Ever wondered what religious practices your African ancestors followed before arriving in America? While many observed indigenous tribal beliefs, it has been estimated that between 7 and 30 percent of African slaves were Muslims. Handwritten verses from the Koran found in frontier Kentucky, portrayals of Alex Haley’s black immigrant ancestor as a follower of Muhammad in the television series Roots, locations of slave kidnapping grounds, and Muslim given names amongst American slaves all hint at this hidden past.
At the time Columbus discovered America, Islamic Empires held greater power in the Western World than European kingdoms. They controlled the overland trading routes that transported oriental goods from the Far East to Europe, ruling from India to Western Africa. According to Allan D. Austin in African Muslims in Antebellum America, Islam had penetrated areas such as Senegal, Timbuktu, and the Lake Chad area in Africa by 1100 A.D. From these localities westward to the Atlantic Ocean, slave traders kidnapped the majority of their victims. The rise of European maritime trade in the 16th and 17th centuries triggered the decline of Islamic political supremacy and introduced new nations as world leaders.
Historians have identified many authentic Arabic texts written in the United States before the Civil War. Many of these manuscripts have been reproduced in the books listed below. When translated, most turn out to be memorized sections of the Qu’ran, revealing slaves’ struggles to maintain differing religious beliefs in an oppressive Christian nation. These writings also reveal high levels of education attained by the authors in Africa prior to enslavement and forced emigration. Unfortunately slavery has largely silenced our present knowledge of these educated people. It is known that slave masters often placed Muslim slaves as supervisors over their fellow bondsmen.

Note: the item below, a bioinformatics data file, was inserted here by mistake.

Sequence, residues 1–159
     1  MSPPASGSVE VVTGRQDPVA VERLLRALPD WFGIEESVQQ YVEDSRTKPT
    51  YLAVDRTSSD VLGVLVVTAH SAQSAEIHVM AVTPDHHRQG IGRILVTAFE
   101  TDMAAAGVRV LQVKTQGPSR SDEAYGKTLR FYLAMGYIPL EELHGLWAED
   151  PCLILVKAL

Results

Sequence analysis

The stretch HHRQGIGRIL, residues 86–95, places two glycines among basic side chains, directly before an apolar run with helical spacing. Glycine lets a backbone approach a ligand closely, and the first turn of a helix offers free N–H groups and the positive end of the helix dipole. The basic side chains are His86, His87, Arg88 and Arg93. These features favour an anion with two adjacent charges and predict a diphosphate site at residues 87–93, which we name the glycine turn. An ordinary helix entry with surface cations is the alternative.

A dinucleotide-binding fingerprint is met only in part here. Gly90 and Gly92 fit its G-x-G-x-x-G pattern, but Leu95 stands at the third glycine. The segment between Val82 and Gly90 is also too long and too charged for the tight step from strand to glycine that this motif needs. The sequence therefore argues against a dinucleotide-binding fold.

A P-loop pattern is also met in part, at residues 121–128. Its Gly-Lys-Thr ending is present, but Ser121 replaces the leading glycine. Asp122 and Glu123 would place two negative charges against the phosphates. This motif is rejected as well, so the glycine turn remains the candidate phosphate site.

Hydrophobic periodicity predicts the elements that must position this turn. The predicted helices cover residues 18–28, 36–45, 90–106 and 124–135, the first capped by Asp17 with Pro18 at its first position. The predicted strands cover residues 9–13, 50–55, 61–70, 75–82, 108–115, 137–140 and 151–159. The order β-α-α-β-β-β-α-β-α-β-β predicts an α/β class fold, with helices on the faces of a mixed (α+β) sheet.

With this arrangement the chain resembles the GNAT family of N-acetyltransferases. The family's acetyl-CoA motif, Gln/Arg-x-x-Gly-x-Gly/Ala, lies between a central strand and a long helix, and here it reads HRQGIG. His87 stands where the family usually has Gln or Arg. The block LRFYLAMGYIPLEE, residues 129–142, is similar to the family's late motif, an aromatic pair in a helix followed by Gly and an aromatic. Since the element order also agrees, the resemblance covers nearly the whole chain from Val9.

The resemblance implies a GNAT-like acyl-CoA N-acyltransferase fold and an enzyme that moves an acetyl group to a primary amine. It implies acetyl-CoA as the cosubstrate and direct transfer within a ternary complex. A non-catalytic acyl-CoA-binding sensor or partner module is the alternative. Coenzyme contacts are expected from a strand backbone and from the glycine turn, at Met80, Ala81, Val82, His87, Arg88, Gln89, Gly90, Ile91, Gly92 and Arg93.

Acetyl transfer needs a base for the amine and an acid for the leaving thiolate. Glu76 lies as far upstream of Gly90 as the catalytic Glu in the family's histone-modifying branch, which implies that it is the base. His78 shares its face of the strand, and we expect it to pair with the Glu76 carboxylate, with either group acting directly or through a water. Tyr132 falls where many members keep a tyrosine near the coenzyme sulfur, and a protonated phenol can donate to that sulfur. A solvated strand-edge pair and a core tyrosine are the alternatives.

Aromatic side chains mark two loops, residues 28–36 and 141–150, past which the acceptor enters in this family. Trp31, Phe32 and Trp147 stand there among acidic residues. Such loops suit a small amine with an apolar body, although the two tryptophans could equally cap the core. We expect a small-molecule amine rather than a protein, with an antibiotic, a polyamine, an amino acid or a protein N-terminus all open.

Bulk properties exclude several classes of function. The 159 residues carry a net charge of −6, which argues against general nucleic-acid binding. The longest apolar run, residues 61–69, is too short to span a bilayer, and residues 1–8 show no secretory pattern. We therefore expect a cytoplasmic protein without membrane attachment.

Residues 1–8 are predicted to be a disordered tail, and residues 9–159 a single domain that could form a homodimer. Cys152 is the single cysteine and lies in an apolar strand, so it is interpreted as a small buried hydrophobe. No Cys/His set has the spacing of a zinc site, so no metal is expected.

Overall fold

How can you determine if your ancestors were Muslims? Many Americans may never be able to prove this fact. One way to determine an ancestor’s religion is by studying his or her given names. Many slaves were forced to accept Christian names; however, some kept their Muslim names. Austin discusses men living in the Antebellum South named Abd ar-Rahman, Bilali Mohammed, Salih Bilali, Umar ibn Said, and Yarrow Mamout, who clearly maintained Islamic names. One of these men, Abd ar-Rahman, after gaining his freedom, went as far as to meet President John Quincy Adams on his trek back to his native Africa. An important concept to keep in mind is that when non-Muslim American scribes phonetically spelled Islamic names, what they wrote may show little similarity to actual spellings. For example, Austin believes that a runaway slave named “Osman,” was actually a misspelling of the more common Muslim name “Usuman.” Analysis of your DNA may also pinpoint that certain ancestors originated in African nations where Islam was practiced.
Although the American system of slavery largely silenced the religious practices of African-American Muslims in the past, current research is shedding new light on this interesting topic.
- Austin, Allan. African Muslims in Antebellum America, A Sourcebook. New York: Garland Press, 1984.
- Investigations: Koranic School Book, History Detectives, PBS, Season 2, Episode 11.
- Virginia African Americans, FamilySearch Wiki, accessed 3 July 2013.
Originally published in GenWeekly, New Providence, NJ, USA: Genealogy Today LLC, 2004.